Lords of Baux

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Coat of arms of the Lords of Baux. Blason Baux de Provence.svg
Coat of arms of the Lords of Baux.

This is a list of the Lords, Barons and Marquisses of Baux.

Contents

List of rulers of Baux

Lords of Baux of the House of Baux

Barral of Baux was Viscount of Marseilles and Lord of Baux. He was the son of Hugh III of Baux, Viscount of Marseilles, and Barrale.

Bertrand III of Baux was the 3rd Count of Andria and Squillace, and the 9th Lord of Baux. He was born in August 1295 at Andria, Italy to Raymond de Baux and Alice de Marseilles and married Margerite d'Aulnay in about 1324. He died on 15 September 1347 in Naples, Italy and was buried at San Domenico Maggiore.

This branch of the House of Baux was declared extinct in 1426. The domains were inherited by Counts of Provence. The House of Baux moved to Italy on 1263 following Charles I of Anjou (see del Balzo).

Lords of Baux of the House of Valois-Anjou

Charles IV, Duke of Anjou French noble

Charles IV, Duke of Anjou, also Charles of Maine, Count of Le Maine and Guise was the son of the Angevin prince Charles of Le Maine, Count of Maine and Isabelle of Luxembourg.

In 1482 the domains became part of the royal domain and the title passed to the French kings.

The crown lands, crown estate, royal domain or domaine royal of France refers to the lands, fiefs and rights directly possessed by the kings of France. While the term eventually came to refer to a territorial unit, the royal domain originally referred to the network of "castles, villages and estates, forests, towns, religious houses and bishoprics, and the rights of justice, tolls and taxes" effectively held by the king or under his domination. In terms of territory, before the reign of Henry IV, the domaine royal did not encompass the entirety of the territory of the kingdom of France and for much of the Middle Ages significant portions of the kingdom were the direct possessions of other feudal lords.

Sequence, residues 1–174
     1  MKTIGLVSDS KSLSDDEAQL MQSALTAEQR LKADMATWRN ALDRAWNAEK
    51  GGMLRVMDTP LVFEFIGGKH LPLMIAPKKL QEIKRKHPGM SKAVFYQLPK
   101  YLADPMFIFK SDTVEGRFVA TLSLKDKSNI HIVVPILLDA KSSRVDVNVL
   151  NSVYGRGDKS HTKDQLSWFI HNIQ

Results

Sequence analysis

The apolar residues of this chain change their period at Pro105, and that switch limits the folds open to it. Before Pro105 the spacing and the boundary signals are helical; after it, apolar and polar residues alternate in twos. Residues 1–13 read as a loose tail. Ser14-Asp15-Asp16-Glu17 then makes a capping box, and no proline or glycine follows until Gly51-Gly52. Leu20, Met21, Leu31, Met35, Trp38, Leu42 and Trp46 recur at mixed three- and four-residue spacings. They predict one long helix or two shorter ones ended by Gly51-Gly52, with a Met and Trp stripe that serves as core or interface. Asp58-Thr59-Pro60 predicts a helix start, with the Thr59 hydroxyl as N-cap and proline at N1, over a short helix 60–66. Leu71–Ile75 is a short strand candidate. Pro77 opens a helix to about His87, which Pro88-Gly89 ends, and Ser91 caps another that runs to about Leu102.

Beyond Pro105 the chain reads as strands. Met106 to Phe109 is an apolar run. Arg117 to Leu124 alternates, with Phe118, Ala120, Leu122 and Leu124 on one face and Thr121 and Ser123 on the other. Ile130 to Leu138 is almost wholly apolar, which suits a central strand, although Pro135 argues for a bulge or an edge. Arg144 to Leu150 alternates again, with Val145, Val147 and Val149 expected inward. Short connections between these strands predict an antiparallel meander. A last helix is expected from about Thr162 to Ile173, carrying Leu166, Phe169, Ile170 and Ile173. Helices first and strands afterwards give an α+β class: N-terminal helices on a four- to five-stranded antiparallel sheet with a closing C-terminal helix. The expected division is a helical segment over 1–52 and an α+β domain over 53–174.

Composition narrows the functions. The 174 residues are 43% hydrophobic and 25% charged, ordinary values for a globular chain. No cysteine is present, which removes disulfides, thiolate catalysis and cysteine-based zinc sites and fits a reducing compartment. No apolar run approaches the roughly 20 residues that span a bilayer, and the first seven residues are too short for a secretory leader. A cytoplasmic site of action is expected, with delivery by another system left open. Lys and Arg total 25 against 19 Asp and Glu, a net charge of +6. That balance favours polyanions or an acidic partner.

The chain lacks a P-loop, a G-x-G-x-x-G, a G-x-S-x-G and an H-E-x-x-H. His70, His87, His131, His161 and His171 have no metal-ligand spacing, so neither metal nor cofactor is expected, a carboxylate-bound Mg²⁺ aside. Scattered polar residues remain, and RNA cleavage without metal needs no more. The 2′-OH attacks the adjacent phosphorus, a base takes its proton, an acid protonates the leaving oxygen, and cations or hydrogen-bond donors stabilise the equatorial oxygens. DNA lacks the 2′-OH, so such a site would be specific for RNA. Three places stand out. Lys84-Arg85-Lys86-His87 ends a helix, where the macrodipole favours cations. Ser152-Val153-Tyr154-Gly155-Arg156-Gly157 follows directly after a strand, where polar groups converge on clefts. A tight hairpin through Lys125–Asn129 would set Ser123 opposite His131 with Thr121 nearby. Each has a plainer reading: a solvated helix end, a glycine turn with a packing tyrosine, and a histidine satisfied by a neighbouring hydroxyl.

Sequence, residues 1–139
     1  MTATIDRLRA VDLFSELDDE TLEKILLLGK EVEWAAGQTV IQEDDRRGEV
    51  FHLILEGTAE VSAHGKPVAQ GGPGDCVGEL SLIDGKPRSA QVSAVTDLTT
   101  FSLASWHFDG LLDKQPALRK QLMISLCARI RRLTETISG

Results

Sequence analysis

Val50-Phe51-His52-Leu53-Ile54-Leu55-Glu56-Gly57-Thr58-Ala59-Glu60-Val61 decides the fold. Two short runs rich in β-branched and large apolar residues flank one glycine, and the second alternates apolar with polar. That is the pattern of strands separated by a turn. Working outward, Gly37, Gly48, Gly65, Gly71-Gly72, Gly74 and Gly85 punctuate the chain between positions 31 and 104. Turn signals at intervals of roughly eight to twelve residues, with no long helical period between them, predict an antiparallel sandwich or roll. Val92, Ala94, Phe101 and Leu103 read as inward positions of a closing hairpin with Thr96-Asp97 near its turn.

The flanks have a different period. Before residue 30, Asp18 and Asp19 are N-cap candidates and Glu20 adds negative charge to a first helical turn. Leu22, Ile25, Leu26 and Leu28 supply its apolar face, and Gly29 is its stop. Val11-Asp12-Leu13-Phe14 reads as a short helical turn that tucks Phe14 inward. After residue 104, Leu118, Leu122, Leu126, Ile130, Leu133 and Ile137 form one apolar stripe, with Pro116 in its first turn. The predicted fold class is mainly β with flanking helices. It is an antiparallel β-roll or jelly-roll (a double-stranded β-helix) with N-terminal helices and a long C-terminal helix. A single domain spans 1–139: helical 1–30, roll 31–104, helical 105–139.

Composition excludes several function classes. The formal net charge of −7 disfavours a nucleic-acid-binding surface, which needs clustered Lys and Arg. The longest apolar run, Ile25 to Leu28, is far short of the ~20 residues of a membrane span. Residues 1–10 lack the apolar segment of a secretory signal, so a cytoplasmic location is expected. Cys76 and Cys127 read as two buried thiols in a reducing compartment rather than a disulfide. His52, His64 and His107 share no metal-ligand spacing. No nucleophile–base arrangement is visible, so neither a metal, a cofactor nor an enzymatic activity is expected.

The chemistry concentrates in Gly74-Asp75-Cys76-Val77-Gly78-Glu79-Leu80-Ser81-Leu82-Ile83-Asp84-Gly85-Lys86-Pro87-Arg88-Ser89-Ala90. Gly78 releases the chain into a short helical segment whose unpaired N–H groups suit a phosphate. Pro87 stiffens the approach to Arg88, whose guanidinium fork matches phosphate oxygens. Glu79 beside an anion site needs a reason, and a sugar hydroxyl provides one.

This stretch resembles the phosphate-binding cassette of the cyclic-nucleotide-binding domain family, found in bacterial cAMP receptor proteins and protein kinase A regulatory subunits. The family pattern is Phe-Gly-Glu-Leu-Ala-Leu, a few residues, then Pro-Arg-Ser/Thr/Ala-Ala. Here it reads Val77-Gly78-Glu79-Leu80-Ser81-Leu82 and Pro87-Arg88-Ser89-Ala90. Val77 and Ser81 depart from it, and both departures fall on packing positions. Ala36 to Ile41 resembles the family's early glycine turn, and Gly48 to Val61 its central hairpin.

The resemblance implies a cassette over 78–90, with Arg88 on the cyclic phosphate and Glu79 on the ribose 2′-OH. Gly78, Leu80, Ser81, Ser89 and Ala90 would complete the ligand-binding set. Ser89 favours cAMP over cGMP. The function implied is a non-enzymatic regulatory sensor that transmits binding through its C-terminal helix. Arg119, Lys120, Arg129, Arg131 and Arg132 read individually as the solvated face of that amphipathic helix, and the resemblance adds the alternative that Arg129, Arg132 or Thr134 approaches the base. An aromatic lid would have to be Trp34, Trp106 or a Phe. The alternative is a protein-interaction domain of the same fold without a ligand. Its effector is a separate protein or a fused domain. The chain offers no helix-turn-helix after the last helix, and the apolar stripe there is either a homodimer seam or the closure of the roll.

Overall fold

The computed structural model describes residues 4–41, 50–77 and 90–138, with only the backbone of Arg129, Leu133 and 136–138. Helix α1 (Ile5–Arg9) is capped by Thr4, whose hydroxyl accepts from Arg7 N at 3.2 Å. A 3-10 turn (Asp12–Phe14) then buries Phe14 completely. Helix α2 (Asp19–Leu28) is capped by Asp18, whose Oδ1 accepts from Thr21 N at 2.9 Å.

Lords of Baux of the House of Valois

Louis XI of France king

Louis XI, called "Louis the Prudent", was King of France from 1461 to 1483, the sixth from the House of Valois. He succeeded his father Charles VII.

Charles VIII of France King of France

Charles VIII, called the Affable, was King of France from 1483 to his death in 1498, the seventh from the House of Valois. He succeeded his father Louis XI at the age of 13. His elder sister Anne acted as regent jointly with her husband Peter II, Duke of Bourbon until 1491 when the young king turned 21 years of age. During Anne's regency, the great lords rebelled against royal centralisation efforts in a conflict known as the Mad War (1485–1488), which resulted in a victory for the royal government.

Louis XII of France King of France

Louis XII was King of France from 1498 to 1515 and King of Naples from 1501 to 1504. The son of Charles, Duke of Orléans, and Maria of Cleves, he succeeded his cousin Charles VIII, who died without a closer heir in 1498. Louis was the eighth French king from the House of Valois, and the first from the Orléans branch of that dynasty.

Lords of Baux of the House of Bourbon

Henry IV of France first French monarch of the House of Bourbon

Henry IV, also known by the epithet Good King Henry or Henry the Great, was King of Navarre from 1572 and King of France from 1589 to 1610. He was the first monarch of France from the House of Bourbon, a cadet branch of the Capetian dynasty. He was assassinated in 1610 by François Ravaillac, a fanatical Catholic, and was succeeded by his son Louis XIII.

Louis XIII of France King of France and Navarra 1610-1643

Louis XIII was a monarch of the House of Bourbon who was King of France from 1610 to 1643 and King of Navarre from 1610 to 1620, when the crown of Navarre was merged with the French crown.

In 1513 Louis XII makes the Lordship of Baux into a Barony, which is ruled by a governor, who bears the title of baron.

From 1528 the Baron receives local assistance in the day-to-day governance of the Barony from a Captain-Visor.

Barons of Baux